Clinic administers wrong second COVID-19 vaccine dose to Thompson, Man. woman

A woman from Thompson says she was accidentally given the wrong vaccine on Saturday. Getty Images

A woman in Thompson, Man., says she was grateful to get her second COVID-19 dose on the weekend, but was concerned when she was told she was given the wrong vaccine.

Robynn Cordell said she went to the clinic in Thompson on Saturday to get her second dose of the Moderna vaccine.

Everything was running smoothly, she said, until just after the nurse gave Cordell the second shot.

“She kind of looked to her right, noticed something,” said Cordell.

Read more: Vaccination clinic at RBC Convention Centre cleared to re-open after gas leak concerns

“So she said she would be right back and then came back with a nurse practitioner, and I was informed that I was given the Pfizer vaccine, as opposed to the Moderna, by accident.”

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My stress level kind of went a little high, but they were comforting, I guess, at the same time,” said Cordell.

“They told me not to worry about it and that it’s happened before within the province.”

‘But they’re just keeping the data on it for now.”

Cordell said the nurse and the nurse practitioner apologized, exchanged phone numbers with her and so far, she hasn’t had any side effects except for a sore arm.

A spokesperson for the province said there were no stats on how many wrong doses have been given in Manitoba, but said it would be “very rare.”

Mixing vaccines

Both the Pfizer and Moderna vaccines are mRNA vaccines, which contain a special type of protein that provokes an immune response in people against the COVID-19 virus.

Dr. Joss Reimer, head of Manitoba’s Vaccine Task Force, said Monday that both vaccines are similar, adding “essentially, they’re two different brands of the same vaccine.”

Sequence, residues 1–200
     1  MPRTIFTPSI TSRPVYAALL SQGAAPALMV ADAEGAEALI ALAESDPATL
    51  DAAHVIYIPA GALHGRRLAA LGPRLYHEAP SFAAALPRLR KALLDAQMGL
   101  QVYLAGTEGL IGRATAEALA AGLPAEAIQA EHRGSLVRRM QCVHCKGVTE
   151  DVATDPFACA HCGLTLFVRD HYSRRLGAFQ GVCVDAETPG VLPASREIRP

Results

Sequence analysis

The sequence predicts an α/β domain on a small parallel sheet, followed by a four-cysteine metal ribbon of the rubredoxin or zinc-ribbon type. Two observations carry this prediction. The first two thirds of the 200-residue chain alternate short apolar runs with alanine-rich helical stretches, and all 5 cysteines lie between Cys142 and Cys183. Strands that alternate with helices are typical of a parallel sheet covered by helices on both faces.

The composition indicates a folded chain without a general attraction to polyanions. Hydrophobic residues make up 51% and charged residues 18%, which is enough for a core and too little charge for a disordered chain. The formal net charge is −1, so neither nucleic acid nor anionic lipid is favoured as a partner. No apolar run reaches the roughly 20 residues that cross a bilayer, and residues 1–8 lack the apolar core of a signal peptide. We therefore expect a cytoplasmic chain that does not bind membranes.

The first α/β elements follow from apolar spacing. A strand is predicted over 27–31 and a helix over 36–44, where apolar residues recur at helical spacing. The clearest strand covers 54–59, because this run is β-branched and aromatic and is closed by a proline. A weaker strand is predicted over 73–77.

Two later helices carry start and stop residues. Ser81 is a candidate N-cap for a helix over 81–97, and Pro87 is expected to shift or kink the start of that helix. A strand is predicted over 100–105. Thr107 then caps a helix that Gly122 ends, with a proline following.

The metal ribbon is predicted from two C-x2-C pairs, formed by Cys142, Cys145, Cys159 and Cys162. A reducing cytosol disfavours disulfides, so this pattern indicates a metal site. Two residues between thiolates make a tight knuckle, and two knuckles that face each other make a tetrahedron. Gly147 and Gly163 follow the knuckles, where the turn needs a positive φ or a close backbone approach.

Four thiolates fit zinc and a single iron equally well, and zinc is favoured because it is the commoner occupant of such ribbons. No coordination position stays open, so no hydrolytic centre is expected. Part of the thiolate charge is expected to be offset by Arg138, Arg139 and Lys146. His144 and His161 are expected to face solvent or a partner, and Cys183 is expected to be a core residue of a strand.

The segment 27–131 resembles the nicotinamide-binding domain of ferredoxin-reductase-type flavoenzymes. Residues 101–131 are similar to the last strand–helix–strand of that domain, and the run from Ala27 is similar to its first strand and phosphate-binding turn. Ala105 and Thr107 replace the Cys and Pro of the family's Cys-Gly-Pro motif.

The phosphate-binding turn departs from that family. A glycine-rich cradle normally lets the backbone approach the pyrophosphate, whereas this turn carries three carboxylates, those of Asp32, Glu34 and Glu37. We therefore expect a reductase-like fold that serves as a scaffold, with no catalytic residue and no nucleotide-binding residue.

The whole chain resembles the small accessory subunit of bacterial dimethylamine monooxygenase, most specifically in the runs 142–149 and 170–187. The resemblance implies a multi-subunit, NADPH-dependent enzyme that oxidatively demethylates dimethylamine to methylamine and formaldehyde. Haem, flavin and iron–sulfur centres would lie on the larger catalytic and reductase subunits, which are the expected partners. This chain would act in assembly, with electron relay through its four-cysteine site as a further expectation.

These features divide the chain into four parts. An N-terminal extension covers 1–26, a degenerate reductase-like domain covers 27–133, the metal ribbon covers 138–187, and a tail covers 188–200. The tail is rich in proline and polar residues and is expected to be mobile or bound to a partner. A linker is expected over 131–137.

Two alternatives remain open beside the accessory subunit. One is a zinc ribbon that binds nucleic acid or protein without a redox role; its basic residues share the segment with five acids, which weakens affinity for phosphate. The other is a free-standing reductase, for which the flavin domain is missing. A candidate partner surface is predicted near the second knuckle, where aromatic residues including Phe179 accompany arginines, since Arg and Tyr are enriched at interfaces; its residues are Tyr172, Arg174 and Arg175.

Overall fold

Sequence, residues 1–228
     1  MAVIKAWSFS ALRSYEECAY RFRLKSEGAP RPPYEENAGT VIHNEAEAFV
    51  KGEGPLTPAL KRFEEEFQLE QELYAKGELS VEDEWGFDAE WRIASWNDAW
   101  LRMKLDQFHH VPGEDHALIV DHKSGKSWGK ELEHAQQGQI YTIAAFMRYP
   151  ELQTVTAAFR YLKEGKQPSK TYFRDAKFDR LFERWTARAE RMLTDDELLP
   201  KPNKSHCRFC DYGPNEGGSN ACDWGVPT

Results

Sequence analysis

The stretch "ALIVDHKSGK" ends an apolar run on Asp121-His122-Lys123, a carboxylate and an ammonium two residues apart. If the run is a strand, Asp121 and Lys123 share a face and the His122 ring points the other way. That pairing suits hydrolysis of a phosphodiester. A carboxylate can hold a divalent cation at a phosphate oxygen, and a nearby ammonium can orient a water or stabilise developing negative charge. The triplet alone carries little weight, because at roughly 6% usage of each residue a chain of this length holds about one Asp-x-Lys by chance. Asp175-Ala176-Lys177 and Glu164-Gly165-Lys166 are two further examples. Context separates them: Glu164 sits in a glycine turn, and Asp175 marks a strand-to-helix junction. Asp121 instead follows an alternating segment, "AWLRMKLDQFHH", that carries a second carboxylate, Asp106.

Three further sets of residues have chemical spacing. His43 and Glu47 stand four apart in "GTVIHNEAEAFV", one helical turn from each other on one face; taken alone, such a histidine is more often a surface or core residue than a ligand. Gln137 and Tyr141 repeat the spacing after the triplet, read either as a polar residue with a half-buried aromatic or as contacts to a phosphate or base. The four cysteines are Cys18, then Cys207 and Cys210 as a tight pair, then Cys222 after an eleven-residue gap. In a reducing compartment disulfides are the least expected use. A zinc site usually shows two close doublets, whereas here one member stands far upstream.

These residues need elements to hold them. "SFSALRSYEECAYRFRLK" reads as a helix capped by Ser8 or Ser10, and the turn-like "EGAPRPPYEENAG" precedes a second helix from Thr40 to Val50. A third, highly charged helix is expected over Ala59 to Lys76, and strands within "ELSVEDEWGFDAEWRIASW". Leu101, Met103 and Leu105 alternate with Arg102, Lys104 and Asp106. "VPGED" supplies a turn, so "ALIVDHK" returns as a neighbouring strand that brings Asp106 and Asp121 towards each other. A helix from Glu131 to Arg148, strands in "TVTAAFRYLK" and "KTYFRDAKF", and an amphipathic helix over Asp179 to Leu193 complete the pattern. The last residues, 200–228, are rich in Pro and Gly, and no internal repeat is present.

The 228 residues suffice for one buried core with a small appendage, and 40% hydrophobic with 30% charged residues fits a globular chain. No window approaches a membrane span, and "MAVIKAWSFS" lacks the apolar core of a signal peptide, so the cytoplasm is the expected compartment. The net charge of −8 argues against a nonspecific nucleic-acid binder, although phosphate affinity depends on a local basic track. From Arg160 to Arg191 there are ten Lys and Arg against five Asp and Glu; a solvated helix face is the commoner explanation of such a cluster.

Read more: COVID-19: Manitobans who received AstraZeneca shot can get Pfizer, Moderna for 2nd dose

On Tuesday, the National Advisory Committee on Immunization (NACI) released a statement supporting the use of either mRNA vaccine for those who first received the AstraZeneca vaccine — if there is no other choice.

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While there is data that supports the mixing of the AstraZeneca vaccine and either Pfizer or Moderna, there have been no studies published that provides data supporting the mix of the two mRNA vaccines, they added.

However, that doesn’t mean it’s not safe, they said.

“At this time, there is no reason to believe that mRNA vaccine series completion with a different authorized mRNA vaccine product would result in any additional safety issues or deficiency in protection.”

Read the NACI statement here:

Dr. Reimer agreed, saying she hoped an upcoming study out of the U.K. will have the data needed.

“I would say even today, if we had a shortage in one or the other … our clinical team would be comfortable recommending that someone receive the other mRNA vaccine rather than not being immunised with their second dose.”

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Cordell said in the future, she hopes that those administering the vaccine double and triple check their clients’ paperwork before giving the shot.

“It was written on a sticky note on top of that paperwork that it was supposed to be the Moderna and she still accidentally gave me that vaccine.”

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